Polar-bear-bigPresident-elect Obama has already indicated his support for many of the issues on our change agenda, when he filled out the HSLF presidential candidate questionnaire on pending bills and funding matters. Now it’s time for the agencies to put these ideas into action, and make a key difference in strengthening animal welfare and reducing animal suffering. You can read our entire change agenda for animals by clicking here, and join us in advocating for these much-needed reforms.

Monday, January 12, 2009

The Kindest Cut

I’ve previously observed that our deteriorating economy cuts both ways for animals—it may result in people abandoning animals or diminishing care for them, but it also may put questionable animal enterprises out of business, because they, too, are facing economic pressure. For instance, some states have terminated programs to allow the cruel and wasteful stocking of tame pheasants for target shooting.

Now, Louisiana Gov. Bobby Jindal’s plan to balance the state’s budget includes another cut that will not only save money but also save animals’ lives. As Melinda Deslatte of the Associated Press reports, “The state agriculture department will shut down its nuisance animal control program, which traps beavers, coyotes and any other wild animals deemed a public nuisance.”

Coyote3 Such programs around the country have historically had a bias toward lethal control rather than nonlethal management, and have largely operated as a government-funded subsidy to private ranchers and other corporate interests. The federal Wildlife Services program, operated by the U.S. Department of Agriculture, spent $100 million to kill 2.4 million animals in 2007. A good number of the animals were predators—bears, coyotes, foxes, bobcats, badgers, wolves, and cougars—killed with steel-jawed leghold traps, aerial gunning, sodium cyanide M-44 devices, and the toxic poison Compound 1080.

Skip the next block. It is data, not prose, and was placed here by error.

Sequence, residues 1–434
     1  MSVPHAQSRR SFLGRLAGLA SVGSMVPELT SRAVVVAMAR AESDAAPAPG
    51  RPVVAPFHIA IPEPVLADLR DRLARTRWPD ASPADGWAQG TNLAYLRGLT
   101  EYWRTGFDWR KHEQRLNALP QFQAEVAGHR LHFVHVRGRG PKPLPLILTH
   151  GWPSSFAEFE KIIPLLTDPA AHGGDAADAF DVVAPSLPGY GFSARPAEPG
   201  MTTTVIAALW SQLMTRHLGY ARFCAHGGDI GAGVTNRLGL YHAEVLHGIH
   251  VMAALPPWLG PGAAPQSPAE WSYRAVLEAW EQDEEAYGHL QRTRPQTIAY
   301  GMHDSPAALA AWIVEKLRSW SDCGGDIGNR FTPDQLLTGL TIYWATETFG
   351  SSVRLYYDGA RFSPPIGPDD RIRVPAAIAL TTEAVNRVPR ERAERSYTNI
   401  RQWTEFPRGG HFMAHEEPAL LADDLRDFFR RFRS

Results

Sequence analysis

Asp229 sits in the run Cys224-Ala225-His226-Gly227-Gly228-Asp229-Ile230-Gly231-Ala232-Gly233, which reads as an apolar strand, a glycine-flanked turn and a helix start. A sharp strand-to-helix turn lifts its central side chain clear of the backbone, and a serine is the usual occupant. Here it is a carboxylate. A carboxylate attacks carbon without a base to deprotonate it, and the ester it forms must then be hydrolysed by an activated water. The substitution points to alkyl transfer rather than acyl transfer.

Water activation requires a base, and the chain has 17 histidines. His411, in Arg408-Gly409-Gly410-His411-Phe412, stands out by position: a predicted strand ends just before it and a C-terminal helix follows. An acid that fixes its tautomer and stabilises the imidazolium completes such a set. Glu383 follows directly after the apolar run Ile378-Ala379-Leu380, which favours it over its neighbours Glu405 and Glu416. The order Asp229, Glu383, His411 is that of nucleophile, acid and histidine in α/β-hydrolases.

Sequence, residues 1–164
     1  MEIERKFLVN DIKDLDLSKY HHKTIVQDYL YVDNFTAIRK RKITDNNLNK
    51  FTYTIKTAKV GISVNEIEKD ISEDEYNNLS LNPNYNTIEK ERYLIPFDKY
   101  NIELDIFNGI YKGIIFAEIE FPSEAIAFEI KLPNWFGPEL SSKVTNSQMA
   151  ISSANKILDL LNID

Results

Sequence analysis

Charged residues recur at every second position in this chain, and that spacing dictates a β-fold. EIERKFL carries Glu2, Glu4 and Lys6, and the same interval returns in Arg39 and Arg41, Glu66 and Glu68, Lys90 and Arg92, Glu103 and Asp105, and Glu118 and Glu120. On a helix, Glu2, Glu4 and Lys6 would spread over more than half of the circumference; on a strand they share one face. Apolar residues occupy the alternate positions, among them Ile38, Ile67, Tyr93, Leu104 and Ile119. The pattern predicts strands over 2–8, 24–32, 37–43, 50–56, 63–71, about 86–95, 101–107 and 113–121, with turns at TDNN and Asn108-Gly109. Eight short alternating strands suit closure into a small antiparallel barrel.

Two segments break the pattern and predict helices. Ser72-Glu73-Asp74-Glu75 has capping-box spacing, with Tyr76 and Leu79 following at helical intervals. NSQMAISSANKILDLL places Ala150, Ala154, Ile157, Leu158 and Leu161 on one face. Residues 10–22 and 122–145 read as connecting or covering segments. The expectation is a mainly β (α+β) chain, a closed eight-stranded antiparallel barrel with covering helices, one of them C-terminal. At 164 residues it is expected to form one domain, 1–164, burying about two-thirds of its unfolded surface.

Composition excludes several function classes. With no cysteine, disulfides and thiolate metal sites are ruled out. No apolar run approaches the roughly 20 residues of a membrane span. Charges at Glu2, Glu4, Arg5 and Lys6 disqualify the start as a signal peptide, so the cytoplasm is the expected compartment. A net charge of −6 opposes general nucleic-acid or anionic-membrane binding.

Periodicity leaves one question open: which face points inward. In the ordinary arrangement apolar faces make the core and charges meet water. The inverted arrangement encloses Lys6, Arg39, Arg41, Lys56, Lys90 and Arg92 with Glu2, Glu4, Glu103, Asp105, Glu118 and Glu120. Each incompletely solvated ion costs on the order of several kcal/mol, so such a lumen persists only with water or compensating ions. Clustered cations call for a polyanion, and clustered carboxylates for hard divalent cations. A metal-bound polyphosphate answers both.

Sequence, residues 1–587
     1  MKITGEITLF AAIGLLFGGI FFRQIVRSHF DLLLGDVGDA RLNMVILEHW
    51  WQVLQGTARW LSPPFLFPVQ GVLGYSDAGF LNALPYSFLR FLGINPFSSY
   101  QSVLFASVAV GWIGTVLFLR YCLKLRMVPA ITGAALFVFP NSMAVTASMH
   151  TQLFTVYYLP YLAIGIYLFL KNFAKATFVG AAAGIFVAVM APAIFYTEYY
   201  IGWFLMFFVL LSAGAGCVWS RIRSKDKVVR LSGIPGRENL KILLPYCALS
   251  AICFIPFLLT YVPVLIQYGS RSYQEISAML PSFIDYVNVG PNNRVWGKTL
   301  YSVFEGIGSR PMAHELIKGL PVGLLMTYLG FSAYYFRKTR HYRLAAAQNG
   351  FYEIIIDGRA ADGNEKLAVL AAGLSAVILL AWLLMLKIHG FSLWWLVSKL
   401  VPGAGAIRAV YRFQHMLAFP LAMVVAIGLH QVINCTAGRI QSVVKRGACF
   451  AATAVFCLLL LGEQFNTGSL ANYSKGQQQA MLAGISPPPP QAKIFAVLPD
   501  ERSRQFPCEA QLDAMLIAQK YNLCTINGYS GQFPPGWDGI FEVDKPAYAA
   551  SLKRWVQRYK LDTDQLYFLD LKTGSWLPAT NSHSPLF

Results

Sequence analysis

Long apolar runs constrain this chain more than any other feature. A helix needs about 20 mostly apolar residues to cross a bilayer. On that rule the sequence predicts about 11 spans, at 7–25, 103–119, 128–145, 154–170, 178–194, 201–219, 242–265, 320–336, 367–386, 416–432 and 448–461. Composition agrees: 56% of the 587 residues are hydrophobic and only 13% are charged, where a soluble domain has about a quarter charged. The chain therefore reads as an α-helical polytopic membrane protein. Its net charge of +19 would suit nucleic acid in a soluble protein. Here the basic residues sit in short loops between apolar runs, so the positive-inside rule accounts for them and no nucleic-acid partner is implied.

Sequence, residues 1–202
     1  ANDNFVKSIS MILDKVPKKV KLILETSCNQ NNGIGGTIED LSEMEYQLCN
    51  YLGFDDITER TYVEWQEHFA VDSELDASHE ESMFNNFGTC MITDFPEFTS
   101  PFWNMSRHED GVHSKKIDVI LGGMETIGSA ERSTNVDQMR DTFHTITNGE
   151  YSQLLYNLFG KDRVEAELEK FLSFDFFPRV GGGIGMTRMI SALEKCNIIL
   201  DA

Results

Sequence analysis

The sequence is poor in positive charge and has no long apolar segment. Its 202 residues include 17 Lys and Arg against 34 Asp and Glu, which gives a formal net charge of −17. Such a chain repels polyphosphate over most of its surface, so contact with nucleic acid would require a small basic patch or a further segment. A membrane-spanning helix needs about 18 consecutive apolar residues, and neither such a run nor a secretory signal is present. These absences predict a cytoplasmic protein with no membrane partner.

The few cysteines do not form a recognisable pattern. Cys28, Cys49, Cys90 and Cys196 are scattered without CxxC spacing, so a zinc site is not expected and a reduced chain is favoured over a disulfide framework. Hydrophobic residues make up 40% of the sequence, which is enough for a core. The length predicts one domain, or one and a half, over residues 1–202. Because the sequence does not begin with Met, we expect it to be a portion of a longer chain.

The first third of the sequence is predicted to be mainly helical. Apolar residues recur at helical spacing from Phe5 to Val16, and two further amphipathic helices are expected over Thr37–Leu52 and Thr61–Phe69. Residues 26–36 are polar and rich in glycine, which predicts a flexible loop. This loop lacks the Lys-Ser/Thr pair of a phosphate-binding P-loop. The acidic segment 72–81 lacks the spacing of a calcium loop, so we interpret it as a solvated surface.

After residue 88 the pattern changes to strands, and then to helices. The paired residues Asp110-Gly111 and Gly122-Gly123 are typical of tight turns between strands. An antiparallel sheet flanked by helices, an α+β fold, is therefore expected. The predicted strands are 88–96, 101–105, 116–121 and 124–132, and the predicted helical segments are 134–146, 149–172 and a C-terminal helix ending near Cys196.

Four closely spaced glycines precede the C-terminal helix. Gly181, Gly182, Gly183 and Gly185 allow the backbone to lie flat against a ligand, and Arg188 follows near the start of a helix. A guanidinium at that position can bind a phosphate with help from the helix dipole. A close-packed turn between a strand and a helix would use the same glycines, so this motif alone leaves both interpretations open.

The expense of killing wildlife, however, is often more pain than gain. During one year in Montana alone, the federal government spent $1 million of taxpayer dollars to kill coyotes and other predators, when the livestock losses due to predation in the state only totaled $900,000. A report showed that cattle were more likely to be killed by weather conditions, calving problems, or illness than by predators. And it would have been more cost effective simply to compensate the ranchers for their losses, rather than engage in a taxpayer-funded predator control program.

Congress on numerous occasions has attempted to reduce the levels of funding for lethal predator control, but these cost-saving and cruelty-cutting measures have been defeated by lawmakers aligned with Big Agribusiness. U.S. Rep. Peter DeFazio (D-Ore.) and former Reps. Charlie Bass (R-N.H.) and Connie Morella (R-Md.) fought with great skill to bring the issue to the House floor, but their amendments to cut lethal predator control funding were defeated by votes of 193-230 in 1999 and 190-228 in 2000.

The status quo has been in place for years, and although there has been an increase in the development of nonlethal strategies to protect livestock from predators—such as guard dogs and special fencing—ranchers have no incentive to use these humane methods because they know the government will just come to their property and kill predators for free. The problem is, it’s not free—it’s a financial burden shouldered by U.S. taxpayers, at a time when every dollar counts. And it’s not effective, either—and never will be. It’s an 18th century habit that has no place in 21st century America.

A coalition of 115 conservation, animal protection, ranching, and faith-based organizations has written to the USDA’s secretary-designate, Tom Vilsack, calling for a top-to-bottom overhaul of the Wildlife Services program. A new vision of reform is desperately needed in this arena. Shifting agency resources and cultural bias from lethal to nonlethal strategies will be more effective, less expensive, and far more humane—and will help to solve problems through innovation and balanced management, rather than through government hand-outs.

This period of economic crisis provides us with an opportunity to rethink long-held assumptions. When it comes to human-wildlife conflicts, I am quite sure we can do better at the state and federal levels than the programs built around large-scale killing of wildlife.

Thursday, January 08, 2009

Unfinished Business